(Suffering Fools Records, out Fri 10 May 2019)
Siobhan Wilson was long-listed for 2018’s Scottish Album of the Year award for her last album There Are No Saints, which she then toured, whilst studying for a masters degree, whilst writing this album, whilst building the fan crowdfunding for this album. The pressure must have been immense. Thankfully, Wilson’s talent is too.
Her latest album The Departure is expansive. It dips into broad themes about fragility and strength with finger-on-the-pulse insights into toxic masculinity. In a moment the album switches from dark, bassy tones to breath-taking quiet. Wilson even manages the time to change language.
Marry You, the album’s first single, showcases almost grungy guitars, wonderfully complemented by Wilson’s voice and lyrics. On April her voice blossoms as she sets out her own manifesto of self-worth: “Be a mother if you want, find another if you want”. Life is yours for the taking and the making, and nobody needs to be defined by anyone else.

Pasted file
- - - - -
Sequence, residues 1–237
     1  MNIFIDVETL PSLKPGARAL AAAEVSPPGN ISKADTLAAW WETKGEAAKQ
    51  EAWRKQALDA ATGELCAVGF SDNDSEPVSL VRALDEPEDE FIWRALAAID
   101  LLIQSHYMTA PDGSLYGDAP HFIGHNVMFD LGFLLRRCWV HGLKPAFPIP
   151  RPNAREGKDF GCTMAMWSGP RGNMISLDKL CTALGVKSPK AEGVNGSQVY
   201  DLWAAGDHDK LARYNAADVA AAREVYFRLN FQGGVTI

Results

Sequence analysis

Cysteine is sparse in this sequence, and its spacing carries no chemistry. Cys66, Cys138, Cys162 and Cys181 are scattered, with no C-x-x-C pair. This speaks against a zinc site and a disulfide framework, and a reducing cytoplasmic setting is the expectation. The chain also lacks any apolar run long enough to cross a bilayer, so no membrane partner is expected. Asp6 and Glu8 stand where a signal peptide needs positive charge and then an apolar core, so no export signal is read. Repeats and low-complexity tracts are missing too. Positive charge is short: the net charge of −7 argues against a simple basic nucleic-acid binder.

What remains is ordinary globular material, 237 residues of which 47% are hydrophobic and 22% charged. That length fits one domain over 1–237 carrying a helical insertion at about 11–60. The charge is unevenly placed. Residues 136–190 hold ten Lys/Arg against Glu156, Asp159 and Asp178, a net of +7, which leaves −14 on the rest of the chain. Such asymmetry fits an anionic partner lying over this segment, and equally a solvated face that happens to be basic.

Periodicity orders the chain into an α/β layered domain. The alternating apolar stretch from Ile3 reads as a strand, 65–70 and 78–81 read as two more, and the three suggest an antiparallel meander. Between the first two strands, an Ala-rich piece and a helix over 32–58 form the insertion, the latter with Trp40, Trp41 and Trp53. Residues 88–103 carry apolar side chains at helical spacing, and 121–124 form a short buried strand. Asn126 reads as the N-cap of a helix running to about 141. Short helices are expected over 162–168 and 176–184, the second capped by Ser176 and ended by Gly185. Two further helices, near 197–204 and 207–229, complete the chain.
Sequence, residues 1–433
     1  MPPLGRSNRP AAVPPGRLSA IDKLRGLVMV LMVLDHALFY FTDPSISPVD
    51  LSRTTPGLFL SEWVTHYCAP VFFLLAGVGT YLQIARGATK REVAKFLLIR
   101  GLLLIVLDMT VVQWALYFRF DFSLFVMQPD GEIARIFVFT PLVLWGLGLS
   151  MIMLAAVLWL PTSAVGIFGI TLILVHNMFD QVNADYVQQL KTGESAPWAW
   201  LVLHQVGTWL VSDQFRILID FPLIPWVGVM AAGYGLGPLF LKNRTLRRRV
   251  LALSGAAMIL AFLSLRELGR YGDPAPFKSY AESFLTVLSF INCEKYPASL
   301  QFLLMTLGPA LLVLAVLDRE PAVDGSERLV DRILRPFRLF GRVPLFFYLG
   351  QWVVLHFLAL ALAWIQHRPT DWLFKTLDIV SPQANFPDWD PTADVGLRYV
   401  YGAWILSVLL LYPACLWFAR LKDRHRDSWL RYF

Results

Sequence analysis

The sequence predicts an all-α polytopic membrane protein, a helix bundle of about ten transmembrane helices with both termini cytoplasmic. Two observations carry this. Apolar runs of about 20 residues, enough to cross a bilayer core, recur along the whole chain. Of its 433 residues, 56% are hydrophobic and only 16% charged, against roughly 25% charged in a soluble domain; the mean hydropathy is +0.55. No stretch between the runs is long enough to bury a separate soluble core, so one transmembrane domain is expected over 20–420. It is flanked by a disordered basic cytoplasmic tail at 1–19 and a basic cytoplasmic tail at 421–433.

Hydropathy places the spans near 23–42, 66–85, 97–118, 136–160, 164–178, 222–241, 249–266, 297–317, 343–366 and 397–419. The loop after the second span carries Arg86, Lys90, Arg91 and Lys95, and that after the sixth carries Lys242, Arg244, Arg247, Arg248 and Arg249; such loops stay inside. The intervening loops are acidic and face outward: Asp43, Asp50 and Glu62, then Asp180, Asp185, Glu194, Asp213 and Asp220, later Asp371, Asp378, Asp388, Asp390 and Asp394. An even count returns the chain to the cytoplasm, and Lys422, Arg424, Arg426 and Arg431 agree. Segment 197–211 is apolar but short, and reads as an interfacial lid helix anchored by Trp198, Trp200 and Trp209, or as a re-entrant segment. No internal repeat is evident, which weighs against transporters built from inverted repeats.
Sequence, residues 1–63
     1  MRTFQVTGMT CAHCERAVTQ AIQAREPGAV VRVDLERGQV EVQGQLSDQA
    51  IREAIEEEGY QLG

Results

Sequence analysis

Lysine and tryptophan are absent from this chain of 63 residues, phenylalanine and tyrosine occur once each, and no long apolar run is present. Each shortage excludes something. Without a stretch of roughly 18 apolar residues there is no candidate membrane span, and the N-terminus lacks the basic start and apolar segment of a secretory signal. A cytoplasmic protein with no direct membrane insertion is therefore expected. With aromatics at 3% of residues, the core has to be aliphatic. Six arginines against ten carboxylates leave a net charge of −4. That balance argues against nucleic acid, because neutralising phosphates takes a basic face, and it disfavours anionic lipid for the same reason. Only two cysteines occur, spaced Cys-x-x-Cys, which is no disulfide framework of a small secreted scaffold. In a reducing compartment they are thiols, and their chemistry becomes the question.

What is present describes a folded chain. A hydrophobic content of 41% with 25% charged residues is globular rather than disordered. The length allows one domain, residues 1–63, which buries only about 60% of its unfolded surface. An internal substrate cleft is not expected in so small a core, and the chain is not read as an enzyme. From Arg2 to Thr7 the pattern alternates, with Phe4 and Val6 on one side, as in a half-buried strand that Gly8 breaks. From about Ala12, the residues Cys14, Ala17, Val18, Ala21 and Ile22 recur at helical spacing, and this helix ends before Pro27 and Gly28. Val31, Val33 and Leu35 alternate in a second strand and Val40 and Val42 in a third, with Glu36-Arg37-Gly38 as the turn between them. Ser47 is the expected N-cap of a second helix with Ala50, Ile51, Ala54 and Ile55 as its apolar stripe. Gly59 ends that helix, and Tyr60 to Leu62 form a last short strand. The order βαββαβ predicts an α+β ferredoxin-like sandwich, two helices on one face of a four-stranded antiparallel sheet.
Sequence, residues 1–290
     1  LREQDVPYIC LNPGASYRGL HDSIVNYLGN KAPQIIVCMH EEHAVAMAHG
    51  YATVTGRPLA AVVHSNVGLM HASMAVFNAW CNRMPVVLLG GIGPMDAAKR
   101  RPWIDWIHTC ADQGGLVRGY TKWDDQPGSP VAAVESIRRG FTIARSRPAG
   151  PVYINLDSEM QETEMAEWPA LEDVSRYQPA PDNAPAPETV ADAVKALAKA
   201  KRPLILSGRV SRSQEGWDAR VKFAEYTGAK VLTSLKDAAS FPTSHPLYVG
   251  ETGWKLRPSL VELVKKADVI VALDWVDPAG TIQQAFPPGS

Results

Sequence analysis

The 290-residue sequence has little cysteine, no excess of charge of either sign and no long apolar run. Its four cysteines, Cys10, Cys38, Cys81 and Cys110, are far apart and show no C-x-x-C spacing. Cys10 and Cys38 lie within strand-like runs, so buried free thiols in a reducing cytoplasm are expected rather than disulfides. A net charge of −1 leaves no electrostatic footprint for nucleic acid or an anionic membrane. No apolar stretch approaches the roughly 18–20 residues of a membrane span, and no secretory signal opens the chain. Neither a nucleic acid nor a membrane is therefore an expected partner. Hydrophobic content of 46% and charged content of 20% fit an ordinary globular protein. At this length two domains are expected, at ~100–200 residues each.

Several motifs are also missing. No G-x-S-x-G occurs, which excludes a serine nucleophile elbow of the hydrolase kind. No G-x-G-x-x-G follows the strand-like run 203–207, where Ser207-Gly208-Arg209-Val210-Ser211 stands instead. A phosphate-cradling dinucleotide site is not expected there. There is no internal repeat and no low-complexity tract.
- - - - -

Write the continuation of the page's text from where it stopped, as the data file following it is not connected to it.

Putting Ne Dis Rien as the fourth track is a typically bold move – the syncopated percussion, the jangly guitars, the fact it’s sung in French. The following tracks continue the theme of independence, of striking out on your own. There is a fantastic sense of personal liberation on this album, although occasionally hidden behind the quiet delivery.
The sourcing of different inspirations and subjects is best evidenced in the vocal collaboration with Honeyblood: Unconquerable. The lyrics lap over each other, whispering frantically yet always beautifully. The guitar never stops thumping along as they desperately seek out some truth, some meaning, some divine answers. Little Hawk showcases a richer, wilder and more angry sound before Stars Are Nonzero sedates the listener with a twinkling guitar and breath-taking quiet.
And when your album is this good, why not throw in another whole song in French just to show off your talent? Dis, Quand Reviendras – Tu? (that’s “Tell me, when will you come back?” for my fellow monolinguals) is a typically beautiful ode that rounds off the album with heartache, colour and longing. Longing not just for things to return, but longing to continue. And long may Wilson continue producing music of so high a standard.